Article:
Nationally, Australia has now recorded about 10,500 cases, while the death toll rose to 111 on Wednesday after a woman in her 90s died from the virus. Victoria state reported another 238 cases in the past 24 hours, even after reimposing a lockdown last week on about five million people in Melbourne, Australia’s second-biggest city.
Victoria state Premier Daniel Andrews singled out a minority of people for defying lockdown orders — which require people to stay home except for a small number of permissible activities — warning restrictions could be extended.
Indian authorities will impose lockdowns in high-risk areas in nearly a dozen states as the nation’s coronavirus caseload approaches one million.
A two-week lockdown starting Thursday has been imposed in Bihar, a state in eastern India with 128 million people and a fragile health system. Since Saturday, Bihar has recorded over 1,000 cases each day despite limited testing.
In Bangalore, a key technology hub in southern India where major tech companies like Amazon and Apple have offices, the government has ordered a weeklong lockdown. The boost that India’s economy received in June after the nationwide lockdown was relaxed is being halted by the localized lockdowns, experts said.
About a dozen other states, including Maharashtra, Tamil Nadu, West Bengal and Assam have also put high-risk areas in lockdown, allowing only essential food supplies and health services.
Renewed restrictions took effect in Hong Kong on Wednesday, with public gatherings limited to four people, restaurants restricted to takeout after 6 p.m., and a one-week closure for gyms, karaoke bars and selected other businesses. Masks also are mandated on public transit for the first time, with the non-compliant being fined.
China is further easing restrictions on domestic tourism after reporting no new local cases of COVID-19 in nine days. A directive from the Ministry of Culture and Tourism dated Tuesday said that tourist sites should allow 50 per cent of their daily visitor capacity, up from 30 per cent, and that inter-province group tours should be resumed.
The National Health Commission said that six new cases were recorded Tuesday, all in people who had arrived from overseas. It has not reported any domestic cases since an outbreak in Beijing that infected more than 330 people before it faded early this month.
China has reported 83,611 confirmed cases and 4,634 deaths since the outbreak began. It does not include people who test positive but show no symptoms in its case count.
Russian authorities have lifted mandatory two-week self-quarantine rules for those arriving as part of easing coronavirus restrictions. It’s one of several steps in an effort to reopen the country after health officials started reporting a slowdown in infections.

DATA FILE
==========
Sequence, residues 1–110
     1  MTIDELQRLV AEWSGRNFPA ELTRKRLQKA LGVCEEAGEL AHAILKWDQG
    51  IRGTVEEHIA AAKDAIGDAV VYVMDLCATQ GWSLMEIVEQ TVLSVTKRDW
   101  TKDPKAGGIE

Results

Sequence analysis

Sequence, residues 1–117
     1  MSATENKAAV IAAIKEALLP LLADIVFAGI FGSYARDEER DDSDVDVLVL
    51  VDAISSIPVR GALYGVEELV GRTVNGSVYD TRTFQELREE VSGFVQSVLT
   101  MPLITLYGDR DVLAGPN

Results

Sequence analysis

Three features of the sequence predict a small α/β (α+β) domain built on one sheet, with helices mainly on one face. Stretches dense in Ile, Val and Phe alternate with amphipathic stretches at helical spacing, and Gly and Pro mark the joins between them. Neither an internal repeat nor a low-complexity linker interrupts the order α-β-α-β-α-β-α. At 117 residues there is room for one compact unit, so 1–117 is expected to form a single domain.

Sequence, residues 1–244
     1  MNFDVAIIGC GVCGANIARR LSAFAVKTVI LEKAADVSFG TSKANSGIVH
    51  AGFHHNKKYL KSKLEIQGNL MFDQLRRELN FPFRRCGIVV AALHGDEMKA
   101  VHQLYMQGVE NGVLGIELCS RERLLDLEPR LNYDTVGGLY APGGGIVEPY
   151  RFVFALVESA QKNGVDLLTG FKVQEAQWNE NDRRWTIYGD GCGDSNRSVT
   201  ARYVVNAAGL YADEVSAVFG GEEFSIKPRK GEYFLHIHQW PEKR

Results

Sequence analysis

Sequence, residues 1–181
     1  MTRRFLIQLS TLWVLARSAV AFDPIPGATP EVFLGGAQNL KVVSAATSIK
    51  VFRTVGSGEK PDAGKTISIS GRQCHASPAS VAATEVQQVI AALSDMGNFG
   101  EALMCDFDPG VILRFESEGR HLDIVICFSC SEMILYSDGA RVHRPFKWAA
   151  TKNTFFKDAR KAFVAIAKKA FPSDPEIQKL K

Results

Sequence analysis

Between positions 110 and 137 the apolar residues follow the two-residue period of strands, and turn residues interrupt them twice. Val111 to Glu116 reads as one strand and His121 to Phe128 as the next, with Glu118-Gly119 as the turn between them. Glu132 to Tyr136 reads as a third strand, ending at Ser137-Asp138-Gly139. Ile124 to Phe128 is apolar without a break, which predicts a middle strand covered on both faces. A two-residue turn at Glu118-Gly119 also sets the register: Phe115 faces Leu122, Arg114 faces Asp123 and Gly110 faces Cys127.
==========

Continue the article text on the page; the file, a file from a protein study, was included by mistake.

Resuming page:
Starting Wednesday, both Russian and international travellers will have to either provide coronavirus test results at the border or take a test within three days of arrival in Russia. Self-quarantine will remain mandatory for those who test positive for the virus or whose health deteriorates upon arrival.
The country reported 6,422 new coronavirus cases Wednesday, pushing its confirmed national tally to 746,369, the fourth highest in the world. Officials said 156 people had died of the virus in the last 24 hours, bringing the official death toll to 11,770.
France’s tourism industry received a further boost Wednesday with the partial reopening of Disneyland Paris and the opening up of the top floor of the Eiffel Tower.
Disneyland Paris, Europe’s most frequented theme park resort, is partially reopening to the public, four months after it closed as a result of the coronavirus pandemic. It will feature enhanced safety measures including managed attendance, reduced capacity to support physical distancing, and bolstered cleaning and disinfection of rides and spaces.
The top floor of the Eiffel Tower also reopened. The 19th-century iron monument, one of the French capital’s most visited attractions, partially reopened its first two floors on June 26 following its longest closure since the Second World War.
Eiffel Tower officials have said a maximum of 250 people will now be allowed at the top floor at a time to enjoy the panoramic views of the city.
WATCH | Infectious disease specialist on new phases of freedom and avoiding a lockdown:
Some 160,000 people in the Spanish region of Catalonia returned to confinement on Wednesday as authorities scrambled to control a fresh surge of coronavirus infections in the area, just weeks after a nationwide lockdown was lifted.
A judge finally approved the regional government’s stay-at-home order for residents of the city of Lleida and six nearby towns on Tuesday night after several days of legal wrangling and political tensions over the issue.
After more than 28,000 deaths from the pandemic, Spain’s government ended a nationwide lockdown on June 21, considering it had dealt with the worst of the virus as the number of contagions had ground to a near halt.
But since then, more than 170 clusters have sprung up around Spain, prompting regional authorities to impose a patchwork of local restrictions, confusing locals and angering businesses.